Why Robots Shouldn’t Replace People In Sourcing

Nov 30, 2010
This article is part of a series called Editor's Pick.

I read an article from AdAge yesterday titled Why Robots Shouldn’t Replace People For Social Media Monitoring, by Darrell Jursa. The article is summed up brilliantly by this quote from it:

“…algorithms and keyword-searches are not a substitute for social skills.”

We in sourcing roles fight this battle with all of the new tools, resources, and technologies that are introduced on a nearly daily basis in our world. Search aggregation tools, semantic technology, auto-monitoring services like the one mentioned in the AdAge article, these tools are all designed to assist us, not to replace us, in monitoring our audiences and what they are talking about.

When it comes down to it, we can monitor all we want, but if we never respond, or respond inappropriately, all the monitoring in the world won’t matter. Because we will be out of context and irrelevant.

Automation is designed to make certain aspects of life (or business) easier. We have blenders, vacuum cleaners, automatic transmission, copy machines, calculators, and lots of other tools that help us navigate life with a bit more ease. Supposedly, this is to allow us to focus on the more important elements of life. Automating relationship-building just seems counter-intuitive to this concept.

I ask this: what in life is more important than relationships? If anyone has seen the movie Up In The Air – well, you get the picture.

Granted – some of our messaging systems must be scaled. We need some level of automation to reach large audiences with the same message. We need templates for some emailing activities (not all) or scripts to handle a high volume of identical inquiries. But in my personal opinion, when you’re doing proactive search, that’s not the time to be using full automation.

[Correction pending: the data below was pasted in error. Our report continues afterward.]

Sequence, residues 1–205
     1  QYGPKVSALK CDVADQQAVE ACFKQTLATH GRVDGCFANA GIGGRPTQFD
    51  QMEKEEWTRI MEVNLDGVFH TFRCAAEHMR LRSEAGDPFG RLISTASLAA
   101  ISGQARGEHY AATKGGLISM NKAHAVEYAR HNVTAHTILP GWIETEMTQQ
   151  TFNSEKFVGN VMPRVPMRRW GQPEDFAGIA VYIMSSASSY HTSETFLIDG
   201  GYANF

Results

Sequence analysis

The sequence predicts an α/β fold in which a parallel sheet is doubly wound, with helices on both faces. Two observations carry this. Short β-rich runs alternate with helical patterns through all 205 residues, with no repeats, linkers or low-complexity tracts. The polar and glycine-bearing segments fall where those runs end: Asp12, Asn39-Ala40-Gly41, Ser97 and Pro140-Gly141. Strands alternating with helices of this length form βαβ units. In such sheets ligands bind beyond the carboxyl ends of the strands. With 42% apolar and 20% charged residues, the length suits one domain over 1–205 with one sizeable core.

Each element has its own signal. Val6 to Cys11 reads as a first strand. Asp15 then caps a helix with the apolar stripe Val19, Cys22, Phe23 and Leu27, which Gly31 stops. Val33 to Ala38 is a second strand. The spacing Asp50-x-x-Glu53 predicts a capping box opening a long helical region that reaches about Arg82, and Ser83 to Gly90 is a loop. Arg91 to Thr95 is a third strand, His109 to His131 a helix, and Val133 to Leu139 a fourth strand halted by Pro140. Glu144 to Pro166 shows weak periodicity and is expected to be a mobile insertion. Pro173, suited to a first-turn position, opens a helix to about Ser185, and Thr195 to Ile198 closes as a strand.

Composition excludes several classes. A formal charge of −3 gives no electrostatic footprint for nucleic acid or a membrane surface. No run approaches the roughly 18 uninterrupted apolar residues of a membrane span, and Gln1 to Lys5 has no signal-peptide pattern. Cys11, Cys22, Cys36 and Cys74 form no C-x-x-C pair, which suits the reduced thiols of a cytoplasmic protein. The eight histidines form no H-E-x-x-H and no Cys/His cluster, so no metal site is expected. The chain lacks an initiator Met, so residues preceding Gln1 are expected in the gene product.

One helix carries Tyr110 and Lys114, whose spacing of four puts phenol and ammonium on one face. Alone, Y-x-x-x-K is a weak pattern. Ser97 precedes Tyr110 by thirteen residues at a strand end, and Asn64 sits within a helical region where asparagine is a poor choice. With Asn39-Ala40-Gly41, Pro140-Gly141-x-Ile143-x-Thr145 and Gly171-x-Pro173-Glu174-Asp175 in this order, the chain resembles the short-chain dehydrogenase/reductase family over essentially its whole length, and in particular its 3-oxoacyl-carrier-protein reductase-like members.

For example: in previous jobs, I’ve worked with vendors that provide a level of automation to social media keyword monitoring. While the capability existed to fully automate responses triggered by specific keywords, we chose not to use this service because when we audited responses that were assigned to certain groupings of keywords, we often got results that were not appropriately matched with the original message. If we were fully automated, we would end up sending an out-of-context response, thus potentially damaging the company brand in the eyes of the recipient.

Remember the movie I, Robot? Will Smith’s character is a Luddite cop with a theory that the robots, which have been programmed to assist and live alongside humans, have the capacity to feel emotion and potentially commit crimes. While I certainly don’t think our automated search strings or resume database search engines will suddenly become self-aware and start plotting to kill us, I still believe that certain duties the robots performed, including child care and companionship (i.e. nurturing relationships), cannot provide adequate replacement for human interaction. Communication, in my opinion, remains a human activity – not a robot’s responsibility.

The important lesson here is this: automation is great for simplifying certain aspects of life. It’s great when we’re using sourcing technologies to help us reach, monitor, and understand more and more people. But there’s no replacing an element of human touch when it comes to beginning new relationships with potential candidates. There should still always be a real human being in the driver’s seat, quality checking the technology, making sure that messages are relevant, and seeing to it that there remains a human face and human touch to the outreach.

What automation tools do you use? How do you maintain personal touch while still taking advantage of automation tools when you are sourcing?

This article is part of a series called Editor's Pick.